The use of a pen name may not seem like a marketing issue for authors, but it really is. I have worked with authors who have used pen names, and I have always found it to be a big barrier when it comes to effectively marketing their book.
The reason for this is simple: when you are trying to market your book through your platform...friends, family, co-workers, people who enjoy your writing in general...they don't know you by your pen name. They know you as you. If, all of a sudden, you use a completely different name, how will the community members of your platform find you unless you tell them, and doesn't that defeat the purpose of using a pen name in the first place? For example, if you wanted your college alumni newsletter to mention the fact you have published a book, they aren't going to know you by your pen name, and your classmates won't know who you are, either.
Very few of the authors I have spoken to who have decided to use pen names have changed their names for a good reason. They just thought it was something authors were supposed to do. There are times to use a pen name, but they are few and far between.
Using a pen name makes sense if:
1. Your book would cause embarrassment for your friends or family. Perhaps your book is about a very sensitive subject that would bring ridicule or embarrassment to the people in your life, such as substance or sexual abuse.
2. You're in the Witness Protection Program. OK, that might be a little extreme, but if you have a REALLY good reason for keeping your true identity a secret, such as to protect your life, family, job, etc., it might be worth considering a pen name.
3. Your real name is not marketable. You would have to have a name with 13 consonants in a row to really qualify for this one, but if your name is not pronounceable by the average person on the street, you might consider a pen name. Otherwise, the name your parents gave you will work just fine.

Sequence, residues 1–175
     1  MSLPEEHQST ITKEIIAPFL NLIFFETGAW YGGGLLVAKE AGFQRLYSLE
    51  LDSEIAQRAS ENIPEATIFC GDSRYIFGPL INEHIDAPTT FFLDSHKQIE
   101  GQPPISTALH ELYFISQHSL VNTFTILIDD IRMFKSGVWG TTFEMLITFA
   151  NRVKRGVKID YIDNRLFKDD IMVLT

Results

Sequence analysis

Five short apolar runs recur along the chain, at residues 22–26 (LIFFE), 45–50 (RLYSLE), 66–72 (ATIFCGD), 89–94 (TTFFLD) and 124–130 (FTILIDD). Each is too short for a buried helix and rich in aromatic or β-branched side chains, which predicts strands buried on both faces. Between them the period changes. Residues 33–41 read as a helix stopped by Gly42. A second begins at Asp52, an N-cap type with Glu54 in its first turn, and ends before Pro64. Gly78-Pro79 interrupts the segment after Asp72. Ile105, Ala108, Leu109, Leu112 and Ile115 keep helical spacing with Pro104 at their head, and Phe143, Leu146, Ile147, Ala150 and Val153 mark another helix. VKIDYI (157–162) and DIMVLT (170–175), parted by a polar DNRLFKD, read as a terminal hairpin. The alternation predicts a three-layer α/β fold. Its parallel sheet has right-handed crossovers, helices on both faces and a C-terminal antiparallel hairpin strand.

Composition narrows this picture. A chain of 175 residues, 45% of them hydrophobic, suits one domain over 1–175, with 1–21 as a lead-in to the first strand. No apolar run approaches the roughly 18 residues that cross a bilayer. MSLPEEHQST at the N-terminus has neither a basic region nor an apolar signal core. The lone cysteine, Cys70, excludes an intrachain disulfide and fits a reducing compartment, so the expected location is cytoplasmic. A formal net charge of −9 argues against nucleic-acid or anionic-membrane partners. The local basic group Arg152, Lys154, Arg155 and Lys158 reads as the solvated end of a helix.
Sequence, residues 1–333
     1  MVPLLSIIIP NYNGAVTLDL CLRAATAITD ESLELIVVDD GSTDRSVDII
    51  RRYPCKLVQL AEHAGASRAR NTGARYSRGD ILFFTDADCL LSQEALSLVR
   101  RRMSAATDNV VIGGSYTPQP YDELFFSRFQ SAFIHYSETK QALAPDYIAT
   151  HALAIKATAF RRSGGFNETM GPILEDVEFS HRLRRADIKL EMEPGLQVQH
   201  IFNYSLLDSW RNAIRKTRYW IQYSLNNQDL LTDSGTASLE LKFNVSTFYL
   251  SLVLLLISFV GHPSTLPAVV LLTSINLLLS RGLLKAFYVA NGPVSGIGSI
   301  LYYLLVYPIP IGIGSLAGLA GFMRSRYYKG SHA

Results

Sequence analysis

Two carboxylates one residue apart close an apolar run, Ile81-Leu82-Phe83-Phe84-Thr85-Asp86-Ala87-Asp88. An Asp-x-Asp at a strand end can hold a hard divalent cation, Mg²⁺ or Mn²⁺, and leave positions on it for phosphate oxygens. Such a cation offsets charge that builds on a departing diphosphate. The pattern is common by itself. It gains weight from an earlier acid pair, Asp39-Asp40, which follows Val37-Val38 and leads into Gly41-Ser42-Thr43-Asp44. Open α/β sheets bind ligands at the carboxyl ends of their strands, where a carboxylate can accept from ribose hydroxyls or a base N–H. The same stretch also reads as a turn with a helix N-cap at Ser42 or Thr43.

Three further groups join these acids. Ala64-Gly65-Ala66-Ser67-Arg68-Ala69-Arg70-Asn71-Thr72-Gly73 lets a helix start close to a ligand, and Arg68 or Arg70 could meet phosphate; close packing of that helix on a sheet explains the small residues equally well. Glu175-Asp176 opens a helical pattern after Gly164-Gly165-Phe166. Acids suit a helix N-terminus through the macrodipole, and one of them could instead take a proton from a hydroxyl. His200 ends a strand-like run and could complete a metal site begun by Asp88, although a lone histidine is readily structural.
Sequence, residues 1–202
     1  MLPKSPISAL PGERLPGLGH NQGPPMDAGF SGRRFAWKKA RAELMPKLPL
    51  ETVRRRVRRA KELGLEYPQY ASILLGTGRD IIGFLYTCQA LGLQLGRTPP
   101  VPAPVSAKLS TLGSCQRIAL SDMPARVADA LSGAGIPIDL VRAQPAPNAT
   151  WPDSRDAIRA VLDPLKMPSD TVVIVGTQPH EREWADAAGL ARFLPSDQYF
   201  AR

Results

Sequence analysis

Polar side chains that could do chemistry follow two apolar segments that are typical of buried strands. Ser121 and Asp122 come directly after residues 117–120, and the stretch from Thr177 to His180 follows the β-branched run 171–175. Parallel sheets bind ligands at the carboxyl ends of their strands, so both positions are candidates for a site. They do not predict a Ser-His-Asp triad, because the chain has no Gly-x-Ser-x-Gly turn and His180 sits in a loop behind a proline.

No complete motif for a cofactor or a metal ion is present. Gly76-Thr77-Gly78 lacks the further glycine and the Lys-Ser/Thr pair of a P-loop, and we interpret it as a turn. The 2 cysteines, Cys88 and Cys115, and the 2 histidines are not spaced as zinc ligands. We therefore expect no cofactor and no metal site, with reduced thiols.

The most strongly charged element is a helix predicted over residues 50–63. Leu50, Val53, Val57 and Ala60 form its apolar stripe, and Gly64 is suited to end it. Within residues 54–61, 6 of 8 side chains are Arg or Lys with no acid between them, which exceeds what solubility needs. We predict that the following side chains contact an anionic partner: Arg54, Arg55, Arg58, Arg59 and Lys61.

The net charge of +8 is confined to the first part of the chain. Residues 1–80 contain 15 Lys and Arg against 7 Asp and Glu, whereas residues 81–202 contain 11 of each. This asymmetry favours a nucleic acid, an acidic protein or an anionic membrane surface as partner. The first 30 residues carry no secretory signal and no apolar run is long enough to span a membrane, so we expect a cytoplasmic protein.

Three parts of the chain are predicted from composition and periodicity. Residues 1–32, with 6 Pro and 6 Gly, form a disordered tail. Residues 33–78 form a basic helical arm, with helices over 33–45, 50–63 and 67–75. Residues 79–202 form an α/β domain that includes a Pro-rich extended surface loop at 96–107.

4. You want to disguise your gender. This little trick is mostly used by men who write romance novels. For some reason, women prefer to read romances written by other women, not some 50-year-old guy wearing a flannel shirt and smoking cigars.
Stephen King wrote four novels under a pen name, Richard Bachman. It wasn't his idea. At the time, his publisher felt that readers wouldn't purchase more than one novel per year from the same writer. Pearl Grey changed his name to Zane Grey, because he felt readers wouldn't buy a Western novel from a guy named Pearl (he was probably right).
For the most part, the use of a pen name has struck me as being more of a vanity issue than anything...sort of like getting a license plate which spells something cute. It might seem like a good idea at the time, but most people don't get it.
Marketing a book is difficult enough. Why make it harder by disguising your accomplishment of authoring a book?